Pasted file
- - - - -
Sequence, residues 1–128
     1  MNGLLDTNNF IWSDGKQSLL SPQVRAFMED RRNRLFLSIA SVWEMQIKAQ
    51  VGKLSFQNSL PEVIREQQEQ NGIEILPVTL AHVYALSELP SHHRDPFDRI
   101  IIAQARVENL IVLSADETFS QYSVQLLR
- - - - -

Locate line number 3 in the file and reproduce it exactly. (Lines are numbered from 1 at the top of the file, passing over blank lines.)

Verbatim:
    51  VGKLSFQNSL PEVIREQQEQ NGIEILPVTL AHVYALSELP SHHRDPFDRI